QVEVRI ; the universal 3-IN-1 winemaking vat for artisans:
fermetation / maceration
aging / elevage
Kvevri, a terracotta vessel is used not only for
storing wine at a perfect temperature,
but also during the fermentation process.
This technology has a millennia-
old tradition and is still practiced
to date. In fact, Kvevries are now being
used to produce wine outside of
. The main advantage to making wine in the kvevri buried in an underground marani (wine-cellar) is that temperature of storing wine is almost unchanged from winter to summer. Kvevri is not just for storing wine, but is also a part of the technological process.The fact that wine doesn’t get excessively influenced by seeds, skeens and stems (chacha in Georgian) while stored is due to the inverse conical or spherical (egg shaped) shape of qvevri.
The seeds sink first, and are then covered by chacha (until it also sinks after fermentation is complete). As a result, we get wine with character and high storage potential, rich in tannins. White wines made in such a way have a flame color and are slightly touched with the flavor of almond, walnut and dried apple. Moreover, the long maceration in conact with grape seeds make the wines very healthy to drink.
The proanthocyanidins they contain have anti-inflammatory and anti-cancer properties..
Reasons Why Georgian KVEVRI Has Become So Popular All Over the World:
1 Kvevri or Qvevri (alternative spelling) is a perfect vessel for both red and white winemaking
A kvevri is a clay vessel used for both the fermentation and ageing of wine. The traditional kvevri winemaking in Georgia is very old and unique. It has been inspiring many wine countries(Rome= dolium Spain = tinaja, Italy = amphora, Greece = pithos). The results have been extremely good. There's no doubt that fermentation in terracotta vessels can yield new and very fine wine characteristics.
The Kvevri, buried in the ground, takes grapes back to its roots, wrapping the nascent wine in the earth element, coolly and quietly nurturing, encouraging it to become the very best expression of itself, entirely unimpeded by imposed flavours. Whereas a new oak barrel can bludgeon the essence of the wine into cloying submission, more often than not imposing its own fat, thick weight at the expense of vitality and purity, Kvevri would never be so presumptuous. .
Many of the Kvevri wines, red and white, are made with full or partial skin contact – whole bunches, stems (chacha in Georgian) and all are crushed and placed in the vessel and left there. How long is up to the winemaker. Depending on the vintage and the style of wine that winemaker aims, the process of leaving the must in contact with the ‘chacha’ can be shortened. For winemakers all over the world, Kvevri became a symbol of returning to more natural methods - really a shot against the modern industry's pristine and science-based approach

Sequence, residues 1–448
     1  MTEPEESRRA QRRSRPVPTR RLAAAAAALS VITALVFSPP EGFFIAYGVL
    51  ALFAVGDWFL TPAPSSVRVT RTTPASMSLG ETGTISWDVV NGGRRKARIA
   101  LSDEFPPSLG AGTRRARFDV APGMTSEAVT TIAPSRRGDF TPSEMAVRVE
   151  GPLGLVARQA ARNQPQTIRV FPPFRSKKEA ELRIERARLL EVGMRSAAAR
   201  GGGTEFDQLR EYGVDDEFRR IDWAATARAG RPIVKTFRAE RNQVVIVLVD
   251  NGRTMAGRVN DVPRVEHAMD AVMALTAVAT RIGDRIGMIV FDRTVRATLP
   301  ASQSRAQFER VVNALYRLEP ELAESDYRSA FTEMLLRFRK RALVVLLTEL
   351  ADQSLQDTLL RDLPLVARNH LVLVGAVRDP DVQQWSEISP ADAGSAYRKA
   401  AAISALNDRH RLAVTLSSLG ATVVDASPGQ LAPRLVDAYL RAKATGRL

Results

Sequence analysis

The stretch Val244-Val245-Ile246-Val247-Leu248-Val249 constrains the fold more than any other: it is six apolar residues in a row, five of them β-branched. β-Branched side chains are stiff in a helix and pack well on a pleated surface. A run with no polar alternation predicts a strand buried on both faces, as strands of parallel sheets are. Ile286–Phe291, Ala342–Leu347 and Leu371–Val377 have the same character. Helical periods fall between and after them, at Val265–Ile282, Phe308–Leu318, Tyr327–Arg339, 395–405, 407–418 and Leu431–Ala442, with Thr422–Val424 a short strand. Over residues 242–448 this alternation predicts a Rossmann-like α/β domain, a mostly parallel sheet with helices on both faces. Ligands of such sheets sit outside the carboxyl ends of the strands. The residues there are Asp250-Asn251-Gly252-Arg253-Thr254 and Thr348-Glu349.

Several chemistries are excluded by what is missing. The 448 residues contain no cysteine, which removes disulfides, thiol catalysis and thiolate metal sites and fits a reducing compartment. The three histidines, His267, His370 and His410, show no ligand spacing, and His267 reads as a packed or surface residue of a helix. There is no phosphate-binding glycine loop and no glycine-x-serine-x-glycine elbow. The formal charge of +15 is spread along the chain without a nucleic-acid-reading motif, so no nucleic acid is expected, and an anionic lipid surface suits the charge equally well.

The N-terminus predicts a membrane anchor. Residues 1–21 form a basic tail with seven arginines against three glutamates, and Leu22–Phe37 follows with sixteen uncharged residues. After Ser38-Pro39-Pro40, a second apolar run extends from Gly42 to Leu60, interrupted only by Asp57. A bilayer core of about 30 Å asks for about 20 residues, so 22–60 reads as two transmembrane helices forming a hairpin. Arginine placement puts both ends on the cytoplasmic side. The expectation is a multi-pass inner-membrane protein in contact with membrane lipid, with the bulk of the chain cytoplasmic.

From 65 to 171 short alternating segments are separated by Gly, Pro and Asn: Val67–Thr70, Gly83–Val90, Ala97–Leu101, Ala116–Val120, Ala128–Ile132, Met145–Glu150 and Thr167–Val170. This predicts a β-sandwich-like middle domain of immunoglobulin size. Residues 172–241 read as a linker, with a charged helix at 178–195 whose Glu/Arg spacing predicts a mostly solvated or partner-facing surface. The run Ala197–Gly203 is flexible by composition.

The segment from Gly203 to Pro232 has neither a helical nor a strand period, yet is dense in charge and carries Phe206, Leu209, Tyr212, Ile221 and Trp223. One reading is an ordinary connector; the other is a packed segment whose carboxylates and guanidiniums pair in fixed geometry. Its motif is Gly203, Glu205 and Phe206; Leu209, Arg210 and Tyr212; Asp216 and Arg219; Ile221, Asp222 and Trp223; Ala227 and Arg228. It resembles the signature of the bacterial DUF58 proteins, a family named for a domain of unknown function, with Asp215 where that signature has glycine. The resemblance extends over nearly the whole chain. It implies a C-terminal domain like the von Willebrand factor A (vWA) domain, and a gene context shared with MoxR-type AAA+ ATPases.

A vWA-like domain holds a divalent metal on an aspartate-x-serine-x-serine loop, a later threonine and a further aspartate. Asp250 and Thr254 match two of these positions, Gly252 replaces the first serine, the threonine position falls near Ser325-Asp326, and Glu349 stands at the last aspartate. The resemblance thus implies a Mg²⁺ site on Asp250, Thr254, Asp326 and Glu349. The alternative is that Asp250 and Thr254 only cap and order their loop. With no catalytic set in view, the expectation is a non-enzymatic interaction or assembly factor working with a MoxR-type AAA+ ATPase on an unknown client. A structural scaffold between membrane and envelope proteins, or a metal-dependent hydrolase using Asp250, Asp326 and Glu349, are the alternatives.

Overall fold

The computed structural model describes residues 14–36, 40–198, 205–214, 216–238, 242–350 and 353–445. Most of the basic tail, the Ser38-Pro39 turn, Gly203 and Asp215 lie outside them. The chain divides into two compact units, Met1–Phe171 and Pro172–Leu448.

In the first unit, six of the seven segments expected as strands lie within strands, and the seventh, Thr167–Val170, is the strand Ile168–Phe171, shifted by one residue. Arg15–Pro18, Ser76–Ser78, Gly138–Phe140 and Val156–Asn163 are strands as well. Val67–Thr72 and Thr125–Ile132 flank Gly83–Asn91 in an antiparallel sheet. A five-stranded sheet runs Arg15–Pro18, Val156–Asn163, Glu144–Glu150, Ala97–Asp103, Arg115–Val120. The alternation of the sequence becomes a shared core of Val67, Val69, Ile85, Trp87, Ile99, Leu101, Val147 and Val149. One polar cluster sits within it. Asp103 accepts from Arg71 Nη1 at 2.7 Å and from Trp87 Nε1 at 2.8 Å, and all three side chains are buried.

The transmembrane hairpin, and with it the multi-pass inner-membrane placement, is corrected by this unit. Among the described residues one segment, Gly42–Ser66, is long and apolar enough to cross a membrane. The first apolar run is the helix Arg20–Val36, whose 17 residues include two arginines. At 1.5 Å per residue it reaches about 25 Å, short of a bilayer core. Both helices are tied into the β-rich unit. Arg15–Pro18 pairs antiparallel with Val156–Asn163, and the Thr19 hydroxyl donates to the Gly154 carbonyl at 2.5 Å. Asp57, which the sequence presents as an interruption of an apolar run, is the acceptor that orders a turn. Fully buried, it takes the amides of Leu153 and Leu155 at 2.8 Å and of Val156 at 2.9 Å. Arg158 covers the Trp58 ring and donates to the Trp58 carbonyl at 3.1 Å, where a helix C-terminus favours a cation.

2 Natural way of winemaking, no fining agents, no filtering, no excessive racking.
While the rest of the world calls this radical, risky, "natural" winemaking, the Georgians know winemaking on kvevri as simply the way that wine has been made since time began.
The inside surface of kvevri is covered with a thin layer of beeswax - essential for hygiene. A mixture of crushed limestone and water or hot water and ash or even just rigorous scrubbing are all effective methods of cleaning and sanitizing which do not involve the use of anything noxious. There is no contact with fining agents at any stage of the process and only a very small amount of sulphites are added if necessary. Typically long extraction of the tannins ensures that the wine remains stable.
Georgians call leaving the wine on the skins ‘leaving it with the mother’, and particularly, when the grapes are organically and biodynamically grown, she does a sensational job. She gives nutrients, protects, adds textural richness and layers of complexity simply not achievable without such close synergy between liquid and solid.
3 Kvevri is a key authentic instrument in making Kakhetian wine (aka Amber or Orange wine) wine.
Kakhetian ( Kakheti, the eastern province of Georgia) method of making wine without changing has gone from being ancient history to being cutting edge. Some of the world's most innovative and risk-taking winemakers (primarily Italians, Gravner and Bea) now make wine the Kakhetian way: harvesting grapes; throwing crushed whole bunches of white grapes into kvevri. Four months to a year later, occasionally even longer, natural wine is produced – nothing added, nothing taken away.
The white wine changes color during the aging process: from pale yellow, it turns orange or amber. The results are truly astounding; the wines are completely unique, intense, beautifully aromatic, lively and heavily tannic with high level of procyanidin.
“High levels of polyphenols and procyanidins from seeds, helps repair cells in arteries that feed the heart, have strong antioxidant properties and other health benefits” says Professor Corder's in his book “The Wine Diet". If you love the taste of very dry, rich-in tannin, Mediterranean-style vigorous red wine, our wine raisins are just for you.
Roger Corder, professor of experimental therapeutics at the William Harvey Research Institute in London with the new realities of wine and health:
During the orange wine tasting, there’s really few phrases which would describe your feeling, except perhaps “the overwhelming sense of being alive”